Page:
Patriots Choke Again – FINALLY

January 22, 2007

I know the bulk of Bowl of Cheese readers are from international climes and not from the cold and bitter Northeastern United States. But for one day I’d like to address the sorry lot of football fans in New England. I’d like to give my comments on the sadness the Patriots faithful feel this morning. I’d like to say, from the bottom of my heart, HA!

I’m not ashamed or saddened by this feeling of utter contempt. Nope. I’m actually a little giddy at the prospect of leaning my head to the side and giving a mock, “Oh, that’s too bad” to anyone who whines about the Patriots’ loss.

This feeling has been nurtured into an evil response mechanism by nearly a decade of smug, holier-than-thou individuals who view their red white and blue team as the purveyors of all that is right with football.

From the masterminds – Parcells and Belichick – to Tom (how do you like my Dennis the Menace bowl-style haircut) Brady – to all the interchangeable pieces on the field, this team has annoyed me since they put Drew Bledsoe on the bench.

Be assured that I have always disliked the Patriots franchise. I didn’t like Bledsoe or prior regimes, but they were at least bearable because they beat you with class. The current incarnation of fans and players are more like a NY Yankees crowd.

They (and all these apply to both fans and players) whine like A-Rod if they don’t win. They gloat persistently about how great they are and how the leadership and skills on the team are better than all others in the league. They even use their ‘chosen one’ mentality to justify stretching the rules a bit.*

*The Tuck Rule – what a crock. That was a fumble.
*Willie McGinest faking an injury to give the Pats’ defense time to regroup.
*Brady’s constant protests about late hits and his frequent sideways dives to the turf to illustrate how hard he was shoved.

Pats fans, please shut up for a moment and just deal with the fact that you’re out of the playoffs. You’re not in the Super Bowl. And your dynasty is waning.

I’ll give the team credit for playing well at times and for enjoying a huge run of good luck in the past seven years. But luck changes, people age, and offensive machinations eventually get figured out. The upcoming season is going to be either a disaster for the team (I predict a 6-10 year) or the harbinger of some very lean years to come (watch for Brady surgery in the off-season, the retirement of Bruschi and some O-Linemen, and the loss of some very talented receivers).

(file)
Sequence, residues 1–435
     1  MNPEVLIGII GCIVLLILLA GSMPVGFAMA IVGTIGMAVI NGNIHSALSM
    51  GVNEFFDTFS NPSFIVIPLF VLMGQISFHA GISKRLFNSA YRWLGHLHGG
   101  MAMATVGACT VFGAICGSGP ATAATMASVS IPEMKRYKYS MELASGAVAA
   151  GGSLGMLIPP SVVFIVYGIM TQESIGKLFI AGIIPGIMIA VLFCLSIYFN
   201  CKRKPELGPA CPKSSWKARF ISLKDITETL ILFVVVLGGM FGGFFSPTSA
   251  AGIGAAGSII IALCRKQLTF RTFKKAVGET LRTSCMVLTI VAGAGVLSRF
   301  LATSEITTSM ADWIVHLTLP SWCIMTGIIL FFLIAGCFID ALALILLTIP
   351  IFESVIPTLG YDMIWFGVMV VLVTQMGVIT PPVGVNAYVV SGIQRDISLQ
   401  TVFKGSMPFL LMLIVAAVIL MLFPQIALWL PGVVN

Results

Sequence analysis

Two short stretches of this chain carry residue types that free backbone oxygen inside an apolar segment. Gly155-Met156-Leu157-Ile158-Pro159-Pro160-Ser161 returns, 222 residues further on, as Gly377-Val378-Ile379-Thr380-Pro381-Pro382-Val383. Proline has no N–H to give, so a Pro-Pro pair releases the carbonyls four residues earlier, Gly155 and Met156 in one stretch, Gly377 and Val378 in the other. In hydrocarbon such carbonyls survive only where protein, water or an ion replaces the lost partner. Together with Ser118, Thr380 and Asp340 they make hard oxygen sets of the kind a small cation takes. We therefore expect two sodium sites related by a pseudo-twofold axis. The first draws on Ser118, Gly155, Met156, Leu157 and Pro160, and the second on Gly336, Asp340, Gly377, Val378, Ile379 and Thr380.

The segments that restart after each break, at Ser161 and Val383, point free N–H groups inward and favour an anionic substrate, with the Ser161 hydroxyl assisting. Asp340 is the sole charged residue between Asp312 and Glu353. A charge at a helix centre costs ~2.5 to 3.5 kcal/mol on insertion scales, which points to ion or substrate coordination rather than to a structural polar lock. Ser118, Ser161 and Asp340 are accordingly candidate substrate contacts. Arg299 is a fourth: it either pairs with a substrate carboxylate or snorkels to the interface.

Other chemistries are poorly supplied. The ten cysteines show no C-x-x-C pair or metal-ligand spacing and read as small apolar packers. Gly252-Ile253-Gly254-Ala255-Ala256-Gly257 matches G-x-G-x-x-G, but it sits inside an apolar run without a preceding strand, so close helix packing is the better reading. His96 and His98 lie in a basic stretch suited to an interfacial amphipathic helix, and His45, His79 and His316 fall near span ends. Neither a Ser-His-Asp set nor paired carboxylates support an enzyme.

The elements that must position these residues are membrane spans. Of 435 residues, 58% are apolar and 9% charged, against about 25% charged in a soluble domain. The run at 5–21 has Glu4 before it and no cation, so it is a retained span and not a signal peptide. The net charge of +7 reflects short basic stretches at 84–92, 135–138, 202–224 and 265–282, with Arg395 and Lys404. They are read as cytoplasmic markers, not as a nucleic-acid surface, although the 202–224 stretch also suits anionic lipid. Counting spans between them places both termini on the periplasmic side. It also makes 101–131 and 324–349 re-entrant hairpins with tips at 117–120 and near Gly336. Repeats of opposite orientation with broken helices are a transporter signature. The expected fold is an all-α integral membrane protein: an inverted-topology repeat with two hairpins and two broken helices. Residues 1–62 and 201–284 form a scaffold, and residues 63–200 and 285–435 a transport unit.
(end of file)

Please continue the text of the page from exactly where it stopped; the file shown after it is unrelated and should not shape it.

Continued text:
So breathe deeply Pats fans and cherish your memories. The team has learned how to lose again and I for one am thrilled that the good-old days are back.**

More to come…


By the early 1970s, several new players were added to the lineup, including Heisman Trophy[5] winner Jim Plunkett[6] and offensive lineman John Hannah, who became the first career Patriot to make the Hall of Fame in 1991.[7]Despite the changes in personnel, the Patriots’ series of losing seasons continued into the early 1970s. Chuck Fairbanks was hired as head coach and general manager in 1973 after leading a top-ten program at the University of Oklahoma. Fairbanks began assembling one of the most talented – but ultimately underachieveing – squads in the NFL of the 1970s. The Patriots finished 7‚Äì7 in 1974 and 3‚Äì11 in 1975, which resulted in offensive changes. Plunkett was traded to the San Francisco 49ers and replaced by second year player Steve Grogan.

After the string of losing seasons, the Patriots finished the 1976 season with an 11–3 mark — the best record in team history to that point — and a playoff slot for the first time since 1963. In the first round of the 1976 playoffs, the Patriots lost to the Oakland Raiders 24–21. In 1978, Fairbanks was fired as head coach when it was revealed he had been secretly hired as the new head coach of the University of Colorado. Fairbanks was replaced by Ron Erhardt, who coached the team to a playoff appearance later that year. The Patriots lost to the Houston Oilers in the first round and did not return to the tournament until 1982. Under new coach Ron Meyer, the Patriots were once again eliminated in the first game — this time by the Miami Dolphins. With the team unable to assemble playoff victories, the Sullivans replaced head coach Ron Meyer with former wide receiver Raymond Berry in 1984.